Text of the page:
Oh yeah, AND raisins!
These are so ridiculously awesome. The cacao nibs give them a dark chocolate flavor you can smell from the oven all while being gluten-free and low sugar! A quick word on cacao nibs/cacao bean: coming from the Theobroma cacao tree, sometimes wrongly labeled cocoa nibs/cocoa bean, which from my understanding refers only to the extracted butter or powdered stuff. The mayan word is: kakaw, they might be on to something, I mean, they’ve only been using the stuff for ever. Just sayin’
Gosh, you have no idea, but just writing about those cookies makes my mouth water, and of course they are already gone… (I see some more baking coming up in this girl’s future) They are chewy and fragrant and yes, the texture is somewhat different than regular oatmeal cookies, after all there are mostly oats in there (and they are made without gluten flour).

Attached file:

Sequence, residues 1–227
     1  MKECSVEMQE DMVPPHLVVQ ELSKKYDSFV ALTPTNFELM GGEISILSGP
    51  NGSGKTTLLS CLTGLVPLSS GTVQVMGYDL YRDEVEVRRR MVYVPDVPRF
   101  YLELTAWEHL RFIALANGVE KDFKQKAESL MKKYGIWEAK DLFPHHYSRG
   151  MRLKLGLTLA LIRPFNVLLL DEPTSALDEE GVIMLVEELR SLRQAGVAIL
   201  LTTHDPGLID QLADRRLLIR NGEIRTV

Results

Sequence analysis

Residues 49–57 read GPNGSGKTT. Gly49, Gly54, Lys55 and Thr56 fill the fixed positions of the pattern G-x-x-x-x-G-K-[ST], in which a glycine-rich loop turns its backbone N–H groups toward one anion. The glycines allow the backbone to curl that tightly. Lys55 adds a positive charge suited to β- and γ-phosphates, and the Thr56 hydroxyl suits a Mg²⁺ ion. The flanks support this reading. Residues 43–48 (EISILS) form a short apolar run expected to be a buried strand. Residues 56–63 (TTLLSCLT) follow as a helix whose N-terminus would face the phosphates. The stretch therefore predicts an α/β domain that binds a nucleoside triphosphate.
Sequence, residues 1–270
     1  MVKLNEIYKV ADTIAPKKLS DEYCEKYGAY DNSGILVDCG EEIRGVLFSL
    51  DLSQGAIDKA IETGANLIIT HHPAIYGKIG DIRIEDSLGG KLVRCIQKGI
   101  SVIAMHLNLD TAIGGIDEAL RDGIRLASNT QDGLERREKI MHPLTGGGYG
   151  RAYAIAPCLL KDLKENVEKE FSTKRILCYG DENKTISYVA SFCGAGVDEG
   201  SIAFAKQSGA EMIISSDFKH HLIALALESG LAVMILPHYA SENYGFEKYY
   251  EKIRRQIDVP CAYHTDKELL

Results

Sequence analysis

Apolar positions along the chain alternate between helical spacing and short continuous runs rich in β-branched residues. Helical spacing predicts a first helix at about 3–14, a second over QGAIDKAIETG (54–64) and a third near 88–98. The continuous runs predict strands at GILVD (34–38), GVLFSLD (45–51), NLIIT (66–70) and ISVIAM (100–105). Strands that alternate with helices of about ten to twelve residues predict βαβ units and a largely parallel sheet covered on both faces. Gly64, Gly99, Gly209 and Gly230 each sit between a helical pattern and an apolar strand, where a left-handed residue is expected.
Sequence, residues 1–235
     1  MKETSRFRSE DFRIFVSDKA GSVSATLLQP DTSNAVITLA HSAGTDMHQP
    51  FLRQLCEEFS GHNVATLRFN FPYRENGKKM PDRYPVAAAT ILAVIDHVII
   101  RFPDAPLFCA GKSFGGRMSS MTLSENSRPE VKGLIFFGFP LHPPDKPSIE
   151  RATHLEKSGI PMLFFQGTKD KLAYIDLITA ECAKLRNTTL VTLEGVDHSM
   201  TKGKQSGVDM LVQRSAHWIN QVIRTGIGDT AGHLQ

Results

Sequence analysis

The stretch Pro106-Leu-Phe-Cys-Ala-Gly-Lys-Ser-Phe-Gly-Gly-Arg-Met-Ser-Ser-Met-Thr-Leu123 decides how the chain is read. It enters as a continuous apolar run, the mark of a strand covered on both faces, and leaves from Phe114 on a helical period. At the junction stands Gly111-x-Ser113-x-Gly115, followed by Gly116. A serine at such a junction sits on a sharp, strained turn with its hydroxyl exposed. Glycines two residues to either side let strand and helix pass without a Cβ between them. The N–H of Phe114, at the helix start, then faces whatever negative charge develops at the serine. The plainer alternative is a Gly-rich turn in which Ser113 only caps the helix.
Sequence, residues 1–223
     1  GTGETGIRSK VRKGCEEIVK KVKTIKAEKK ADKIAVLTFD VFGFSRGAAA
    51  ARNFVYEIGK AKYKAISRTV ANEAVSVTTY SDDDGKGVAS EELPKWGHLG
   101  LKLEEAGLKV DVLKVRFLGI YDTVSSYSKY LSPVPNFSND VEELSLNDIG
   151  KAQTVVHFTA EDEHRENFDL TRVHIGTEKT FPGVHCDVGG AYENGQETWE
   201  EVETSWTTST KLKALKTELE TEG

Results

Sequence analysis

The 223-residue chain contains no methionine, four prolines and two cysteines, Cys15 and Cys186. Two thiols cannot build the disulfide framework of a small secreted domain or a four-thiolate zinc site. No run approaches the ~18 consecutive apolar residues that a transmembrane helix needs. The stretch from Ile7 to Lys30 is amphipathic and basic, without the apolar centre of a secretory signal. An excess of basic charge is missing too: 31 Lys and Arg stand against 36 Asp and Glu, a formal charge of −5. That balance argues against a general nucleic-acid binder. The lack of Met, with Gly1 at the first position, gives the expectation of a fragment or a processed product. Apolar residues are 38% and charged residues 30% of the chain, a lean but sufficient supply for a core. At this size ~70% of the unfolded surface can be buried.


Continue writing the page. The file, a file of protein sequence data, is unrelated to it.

Dark cacao nibs (essentially pieces of cacao bean)
If you are cultivating your sweet tooth, please feel free to use more ‘sweet stuff’. The cookies here are getting some of their sweetness from the raisins, but they would be a perfect treat for my Dad, who doesn’t really like sweets. I am a big believer in flavor over just plain sweet, or salty for that matter; and these cookies fit the bill perfectly.
- 2 cups rolled oats
- 1/2 cup millet flour*
- 1/4 cup golden raisins
- 1/2 cup cacao nibs
- 1/4 cup flax meal
- 2 tbsp chia seeds
- 3/4 cup water
- 1/4 cup almond or other nut butter
- 1/4 cup agave nectar, maple syrup or honey**
* I used millet because of its sweet, nutty flavor, but you could most likely use other gluten-free flours
**if using honey, the cookies are no longer vegan
- Preheat oven to 350ºF